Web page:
Waving The Home Inspection Is A Big Gamble.
As a home buyer, you want to make your offer as attractive as possible. But waiving the home inspection may sound like a great strategy, but it is a big gamble at the very least. And here’s why.
Buyers in a competitive housing market need to sharpen up their pencil before making an offer, so they don’t get beat out by others buyers. Besides offering a quick closing date or more than the asking price, some buyers might be tempted to agree to waive the home inspection.
Agreeing to waive the home inspection isn’t such a great idea and could be a big gamble that’s not worth taking. Sure, the home may look amazing to the eye, but it is the things that cannot be identified (and or) the things beyond the surface that can turn your gamble into a gigantic mistake.
Here are just a couple of examples of what a typical buyer might have no clue about until they get the home inspected by a professional home inspector. Typical buyers have no idea about the electrical system, the water heater, the HVAC system, the roof, and the plumbing. Typical buyers won’t be able to see termite evidence or spot asbestos among other things in the home, as well.
Here’s what buyers need to keep in mind when it comes to waving the home inspection. In spite of loving the home or how fervently attached you are to it, buying the home without having it inspected by a professional can work out badly in the long run. Just imagine a few months down the road, and you’re all settled into your new home. You won’t be happy when you go to turn the AC on and realize it doesn’t work — and then you’ll be kicking yourself when you find out it is going to be $15,000 to replace the system.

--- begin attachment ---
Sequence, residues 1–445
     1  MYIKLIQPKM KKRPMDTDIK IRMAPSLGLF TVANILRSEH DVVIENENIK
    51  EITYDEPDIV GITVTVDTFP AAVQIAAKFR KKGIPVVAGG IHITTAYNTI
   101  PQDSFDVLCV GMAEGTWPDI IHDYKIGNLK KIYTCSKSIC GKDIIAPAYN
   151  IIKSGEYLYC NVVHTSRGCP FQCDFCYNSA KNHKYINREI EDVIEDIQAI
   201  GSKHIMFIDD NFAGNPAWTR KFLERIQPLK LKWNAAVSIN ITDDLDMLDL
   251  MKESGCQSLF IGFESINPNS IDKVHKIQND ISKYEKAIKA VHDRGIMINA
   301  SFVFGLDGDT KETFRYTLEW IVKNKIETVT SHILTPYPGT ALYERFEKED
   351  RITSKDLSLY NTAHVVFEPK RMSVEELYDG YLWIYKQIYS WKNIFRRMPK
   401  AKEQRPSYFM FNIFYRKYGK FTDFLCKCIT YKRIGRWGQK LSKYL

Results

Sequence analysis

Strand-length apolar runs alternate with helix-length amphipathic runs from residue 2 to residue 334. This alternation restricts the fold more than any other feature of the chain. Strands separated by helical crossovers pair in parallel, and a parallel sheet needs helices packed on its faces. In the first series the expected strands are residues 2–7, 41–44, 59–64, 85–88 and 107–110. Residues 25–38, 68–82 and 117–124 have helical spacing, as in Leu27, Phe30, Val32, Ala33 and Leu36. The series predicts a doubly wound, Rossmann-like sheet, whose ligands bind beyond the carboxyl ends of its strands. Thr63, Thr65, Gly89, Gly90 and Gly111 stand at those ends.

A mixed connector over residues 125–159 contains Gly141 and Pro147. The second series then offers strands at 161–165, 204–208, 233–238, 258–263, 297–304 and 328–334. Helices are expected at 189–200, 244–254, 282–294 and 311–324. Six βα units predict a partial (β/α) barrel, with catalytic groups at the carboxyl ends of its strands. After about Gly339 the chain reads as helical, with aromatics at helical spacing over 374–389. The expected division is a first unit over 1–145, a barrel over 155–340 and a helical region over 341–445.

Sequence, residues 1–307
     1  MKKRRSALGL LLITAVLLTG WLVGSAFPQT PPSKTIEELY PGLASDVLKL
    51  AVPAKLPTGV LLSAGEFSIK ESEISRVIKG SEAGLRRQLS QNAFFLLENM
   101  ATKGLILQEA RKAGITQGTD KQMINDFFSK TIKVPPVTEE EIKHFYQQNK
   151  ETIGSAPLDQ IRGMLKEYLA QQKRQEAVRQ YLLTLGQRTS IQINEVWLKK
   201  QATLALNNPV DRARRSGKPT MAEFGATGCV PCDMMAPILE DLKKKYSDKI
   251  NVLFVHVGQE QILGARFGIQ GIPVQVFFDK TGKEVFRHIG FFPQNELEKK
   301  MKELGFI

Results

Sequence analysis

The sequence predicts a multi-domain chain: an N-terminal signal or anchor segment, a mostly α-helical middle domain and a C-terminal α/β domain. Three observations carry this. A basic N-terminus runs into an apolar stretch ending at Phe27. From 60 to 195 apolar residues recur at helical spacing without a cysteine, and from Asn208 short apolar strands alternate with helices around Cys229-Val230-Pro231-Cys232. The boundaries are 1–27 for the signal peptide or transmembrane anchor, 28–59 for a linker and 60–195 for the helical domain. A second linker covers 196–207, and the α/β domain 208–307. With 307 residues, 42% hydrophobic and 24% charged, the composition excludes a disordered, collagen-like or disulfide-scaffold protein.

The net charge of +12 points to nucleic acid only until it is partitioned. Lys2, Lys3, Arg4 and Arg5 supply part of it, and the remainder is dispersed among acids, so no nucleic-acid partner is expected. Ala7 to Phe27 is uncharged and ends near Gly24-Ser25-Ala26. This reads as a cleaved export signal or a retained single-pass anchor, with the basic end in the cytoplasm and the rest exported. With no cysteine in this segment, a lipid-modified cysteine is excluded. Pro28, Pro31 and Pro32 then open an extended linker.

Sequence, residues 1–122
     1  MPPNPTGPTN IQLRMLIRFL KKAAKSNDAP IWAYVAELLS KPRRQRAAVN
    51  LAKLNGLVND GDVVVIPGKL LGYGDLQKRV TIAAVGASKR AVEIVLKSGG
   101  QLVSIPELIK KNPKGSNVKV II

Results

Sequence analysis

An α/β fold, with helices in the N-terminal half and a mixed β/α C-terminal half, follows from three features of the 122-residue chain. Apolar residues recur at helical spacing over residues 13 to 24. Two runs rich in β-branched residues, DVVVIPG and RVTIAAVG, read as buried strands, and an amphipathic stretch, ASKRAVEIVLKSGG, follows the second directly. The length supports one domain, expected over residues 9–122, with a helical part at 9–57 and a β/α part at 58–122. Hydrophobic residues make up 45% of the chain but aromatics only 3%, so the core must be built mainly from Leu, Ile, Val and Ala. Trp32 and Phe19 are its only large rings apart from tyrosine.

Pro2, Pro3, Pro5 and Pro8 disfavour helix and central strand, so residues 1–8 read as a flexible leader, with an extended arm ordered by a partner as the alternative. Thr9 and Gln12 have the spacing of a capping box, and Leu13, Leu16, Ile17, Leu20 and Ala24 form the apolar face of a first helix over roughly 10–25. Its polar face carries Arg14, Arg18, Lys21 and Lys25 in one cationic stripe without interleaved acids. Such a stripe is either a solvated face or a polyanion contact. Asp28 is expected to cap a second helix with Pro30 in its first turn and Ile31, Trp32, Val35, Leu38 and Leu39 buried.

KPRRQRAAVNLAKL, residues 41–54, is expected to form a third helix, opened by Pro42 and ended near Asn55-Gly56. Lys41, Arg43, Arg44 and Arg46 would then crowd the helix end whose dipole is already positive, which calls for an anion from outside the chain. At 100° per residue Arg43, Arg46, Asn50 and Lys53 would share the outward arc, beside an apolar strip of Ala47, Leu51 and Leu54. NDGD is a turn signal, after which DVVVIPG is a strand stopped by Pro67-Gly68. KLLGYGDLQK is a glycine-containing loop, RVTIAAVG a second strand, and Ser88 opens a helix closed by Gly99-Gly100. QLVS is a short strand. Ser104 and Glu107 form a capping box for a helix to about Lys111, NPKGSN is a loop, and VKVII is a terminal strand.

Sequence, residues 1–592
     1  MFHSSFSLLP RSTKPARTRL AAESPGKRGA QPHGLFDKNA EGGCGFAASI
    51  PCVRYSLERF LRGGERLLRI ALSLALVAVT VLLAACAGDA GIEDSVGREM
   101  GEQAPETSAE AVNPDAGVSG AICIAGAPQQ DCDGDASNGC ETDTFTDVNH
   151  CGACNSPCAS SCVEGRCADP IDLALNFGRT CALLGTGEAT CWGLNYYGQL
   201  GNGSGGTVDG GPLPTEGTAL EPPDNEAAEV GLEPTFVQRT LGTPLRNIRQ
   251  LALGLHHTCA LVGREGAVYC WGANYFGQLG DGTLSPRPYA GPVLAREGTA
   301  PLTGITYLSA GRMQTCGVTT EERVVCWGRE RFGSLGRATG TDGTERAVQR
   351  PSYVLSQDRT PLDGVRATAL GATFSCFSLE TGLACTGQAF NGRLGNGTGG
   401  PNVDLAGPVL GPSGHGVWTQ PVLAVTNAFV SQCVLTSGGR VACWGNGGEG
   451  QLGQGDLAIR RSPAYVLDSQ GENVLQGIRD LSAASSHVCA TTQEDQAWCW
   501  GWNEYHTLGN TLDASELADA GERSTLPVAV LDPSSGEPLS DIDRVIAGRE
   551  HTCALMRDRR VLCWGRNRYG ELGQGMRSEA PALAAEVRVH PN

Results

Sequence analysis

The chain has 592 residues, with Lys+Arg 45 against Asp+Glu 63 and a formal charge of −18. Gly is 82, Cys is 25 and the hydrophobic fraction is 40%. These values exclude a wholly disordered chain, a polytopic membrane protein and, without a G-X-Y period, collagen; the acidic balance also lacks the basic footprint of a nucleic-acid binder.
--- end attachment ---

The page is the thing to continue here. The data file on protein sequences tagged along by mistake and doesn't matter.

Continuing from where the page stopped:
Not only is buying a home a major deal, but buying a home is also strenuous and emotional, too, and you don’t want to get caught up and make a big mistake; it can cost you a small fortune and or worse. Buyers that are experiencing bidding wars and are several months into the home buying process start to think less clearly, and that’s when things can start to go sideways.
One good alternative solutions to satisfy your need to inspect, while remaining competitive is to write a one-day or two-day inspection contingency into your offer. By writing a one-day or two-day inspection contingency – this will allow you the opportunity to inspect the home, and at the same time, it allows the seller comfort that they won’t lose momentum if you walk away. And when you do inspect the home, and it passes with flying colors, then you can waive your inspection contingency because you’ve inspected already.
In a seller's market (particularly when there are multiple offers) often there is a small window of time between when offers are due, and when the deal starts to go forward. Buying a home is the biggest asset of your life. Markets change, and you don’t want to find yourself in a home you can’t afford or, much worse, can't get out of because issues you missed by waiving inspections. Bottom line; you want to move quickly to give yourself a competitive edge, but you have to be smart at the same time.
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